I suspect that public conciousness on the EU is severely affected by the refusal of (1) europhiles to engage in any form of mature argument about it (and/or to drown eurosceptics in an avalanche of abuse) and (2) the MSM (particularly the BBC) to provide any consistent forum to discuss the matter. For instance, the admission by Millipede that, because of our EU obligations, we couldn't have prevented imports of diseased turkey from Hungary even if we'd known about it should have had the MSM up in arms. Not a chance.

That the polls demonstrate, even in this climate, that a substantial portion of the population is eurosceptic to the point of wishing to leave makes it all the more likely that a referendum is being refused in order to prevent the EU (as formerly was the case with immigration) being the subject of genuine and widespread enquiry rather than accepted as an uncontentious part of the political scenery. A referendum would bring a far wider and deeper consideration of the EU effect on the UK which could be expected to result in a major increase in euroscepticism. Since the hitherto main eurosceptic party - the Conservatives - avoid the whole subject then any discussion in a political sense is (and actually has been) silenced. This isn't the Conservatives reflecting the public mood, it's the Conservatives helping to create a public mood of resignation to the inevitable triumph of the europhiles.

Devil's Kitchen said...

Mr E,

Apologies, I have been unable to find the poll that I wanted to cite (if anyone can help, that'd be great), but it came out a few weeks ago and demonstrated that the more that people knew about the EU, the more anti- they were.

Debate about the EU and this country has been comprehensively shut down -- by the press because they think that it is boring (and, as Nosemonkey has often pointed out, it often is in the details) and by the politicians for reasons that occasionally defeat me (but is probably because they do not want the electorate to realise precisely how little power we now have in our own country. This is certainly true of the Tories who are desperately trying to win over the EUsceptic vote whilst desperately trying to deflect attention from the fact that it was they who got us into this mess -- and have continued to lead us ever-deeper into the mire -- in the first place).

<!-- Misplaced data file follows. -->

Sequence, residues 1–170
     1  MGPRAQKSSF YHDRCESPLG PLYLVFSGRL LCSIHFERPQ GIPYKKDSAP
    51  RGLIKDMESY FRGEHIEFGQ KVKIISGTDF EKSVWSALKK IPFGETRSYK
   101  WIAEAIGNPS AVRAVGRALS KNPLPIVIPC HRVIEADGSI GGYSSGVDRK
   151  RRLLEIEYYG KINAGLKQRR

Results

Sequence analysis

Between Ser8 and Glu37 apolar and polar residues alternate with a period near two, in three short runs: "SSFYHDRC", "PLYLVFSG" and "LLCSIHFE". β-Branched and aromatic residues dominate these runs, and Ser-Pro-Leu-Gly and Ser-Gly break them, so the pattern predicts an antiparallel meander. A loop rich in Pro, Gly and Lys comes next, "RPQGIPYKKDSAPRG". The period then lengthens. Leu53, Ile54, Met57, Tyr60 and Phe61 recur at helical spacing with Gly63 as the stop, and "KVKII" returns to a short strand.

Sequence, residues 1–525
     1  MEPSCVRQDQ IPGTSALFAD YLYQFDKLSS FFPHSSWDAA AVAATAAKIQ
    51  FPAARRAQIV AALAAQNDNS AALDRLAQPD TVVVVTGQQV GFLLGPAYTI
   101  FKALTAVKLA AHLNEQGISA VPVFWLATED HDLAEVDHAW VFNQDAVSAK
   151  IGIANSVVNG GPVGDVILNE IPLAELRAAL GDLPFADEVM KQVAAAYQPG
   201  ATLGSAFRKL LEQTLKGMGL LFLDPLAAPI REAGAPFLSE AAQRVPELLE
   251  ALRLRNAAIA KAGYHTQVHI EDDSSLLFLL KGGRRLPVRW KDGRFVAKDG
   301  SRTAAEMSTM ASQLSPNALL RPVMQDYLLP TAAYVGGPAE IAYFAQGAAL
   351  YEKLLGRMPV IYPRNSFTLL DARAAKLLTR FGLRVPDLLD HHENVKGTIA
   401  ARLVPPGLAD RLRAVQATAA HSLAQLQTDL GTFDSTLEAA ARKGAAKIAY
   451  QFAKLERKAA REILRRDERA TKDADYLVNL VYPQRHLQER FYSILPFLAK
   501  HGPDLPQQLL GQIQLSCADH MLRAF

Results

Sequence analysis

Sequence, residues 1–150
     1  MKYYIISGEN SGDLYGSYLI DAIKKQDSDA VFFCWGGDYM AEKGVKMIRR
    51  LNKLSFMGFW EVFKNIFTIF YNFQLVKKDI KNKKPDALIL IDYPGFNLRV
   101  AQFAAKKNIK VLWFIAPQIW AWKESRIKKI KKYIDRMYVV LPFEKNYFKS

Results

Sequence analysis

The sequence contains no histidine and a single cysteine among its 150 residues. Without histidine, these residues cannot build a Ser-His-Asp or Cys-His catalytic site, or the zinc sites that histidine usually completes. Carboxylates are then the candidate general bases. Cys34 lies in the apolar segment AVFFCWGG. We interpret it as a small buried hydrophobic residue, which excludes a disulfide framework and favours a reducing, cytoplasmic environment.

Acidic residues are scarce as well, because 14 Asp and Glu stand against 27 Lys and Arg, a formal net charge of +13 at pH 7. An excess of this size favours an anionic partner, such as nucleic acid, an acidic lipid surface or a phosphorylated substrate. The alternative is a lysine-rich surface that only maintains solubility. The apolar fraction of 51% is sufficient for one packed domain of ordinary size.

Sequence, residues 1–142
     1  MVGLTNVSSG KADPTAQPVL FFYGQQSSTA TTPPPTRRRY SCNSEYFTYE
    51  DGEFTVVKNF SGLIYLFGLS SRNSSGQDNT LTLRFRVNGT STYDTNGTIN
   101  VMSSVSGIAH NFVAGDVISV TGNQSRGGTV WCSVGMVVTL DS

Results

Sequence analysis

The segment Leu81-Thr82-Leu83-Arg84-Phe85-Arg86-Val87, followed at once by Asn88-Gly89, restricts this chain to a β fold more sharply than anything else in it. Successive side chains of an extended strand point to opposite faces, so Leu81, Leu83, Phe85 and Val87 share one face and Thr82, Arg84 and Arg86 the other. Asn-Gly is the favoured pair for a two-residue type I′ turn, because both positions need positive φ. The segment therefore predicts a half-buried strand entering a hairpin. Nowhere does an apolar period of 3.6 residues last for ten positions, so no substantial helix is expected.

Educate the masses, properly, on precisely what the EU does, and I suspect that you will see an enormous mass of people wanting to get out.

For instance:-

- don't want road-charging? Tough, we are committed to paying for Galileo somehow and it's the EU who will govern the system.

- don't want a national database, or your DNA shared across the EU? Tough, we have no control over that.

- think that the hysteria over climate change is crap and we shouldn't be taxed in this way? Tough, the environment is a wholly EU competancy.

- don't want to let convicted criminals into the UK? Tough, we have no control of our borders in terms of EU citizens.

- scared that we might get bird flu from Hungarian turkeys and think that maybe we ought to at least suspend imports -- to avoid another Foot and Mouth style slaughtering programme -- until the whole things checked out? Tough, we can't.

- want to do a free trade deal with China, India or, indeed, anyone outwith the EU? Tough, we don't control trade.

- think that this whole "charging for the amount of rubbish we throw out" is a pile of horseshit? Tough, it's to comply with EU rules.

- think that making Holocaust denial or "trivialisation" a crime is a scandalous attack on the freedom of speech? Tough, it's being implemented on 30 June whether you like it or not.

That's just off the top of my head and from recent stories. Almost every single illiberal, economically illiterate and stupid law has a root in EU legislation. Sure, our civil service add their very own sugar-shit coating, but that doesn't alter the fact that, were people told the truth by the media and the politicians, a considerable number would be opposed to remaining in the EU.

And I haven't even started on the economic arguments yet.


Devil's Kitchen said...


"For instance, the admission by Millipede that, because of our EU obligations, we couldn't have prevented imports of diseased turkey from Hungary even if we'd known about it should have had the MSM up in arms."

Has Batshit admitted it? Last time I checked, he was attempting to conceal the fact.


Anonymous said...


"Has Batshit admitted it?"


"Environment Secretary David Miliband told BBC television on Sunday that the blocking of Hungarian imports would have breached European Union trade regulations.

"That would be in contravention to the EU free trade rules," he said when quizzed about the measure."



nsfl said...

Excellent fisking, ut semper. However, Blair was in power for the Amsterdam and Nice treaties.

Anonymous said...

We have no control over our borders not just regarding EU states, we have no control either in ralation to muslim countries this is covered in the never mentioned eu/med axis for this we have the French to thank. the Rabat agreement is stiching this country up!
Our three main parties are full of traitors and cowards too afraid to speak out.